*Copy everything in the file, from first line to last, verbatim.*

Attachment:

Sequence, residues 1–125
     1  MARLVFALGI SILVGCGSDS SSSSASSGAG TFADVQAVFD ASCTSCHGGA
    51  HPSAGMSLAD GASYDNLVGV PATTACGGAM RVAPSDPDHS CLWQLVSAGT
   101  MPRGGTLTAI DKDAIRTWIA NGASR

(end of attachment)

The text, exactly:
Sequence, residues 1–125
     1  MARLVFALGI SILVGCGSDS SSSSASSGAG TFADVQAVFD ASCTSCHGGA
    51  HPSAGMSLAD GASYDNLVGV PATTACGGAM RVAPSDPDHS CLWQLVSAGT
   101  MPRGGTLTAI DKDAIRTWIA NGASR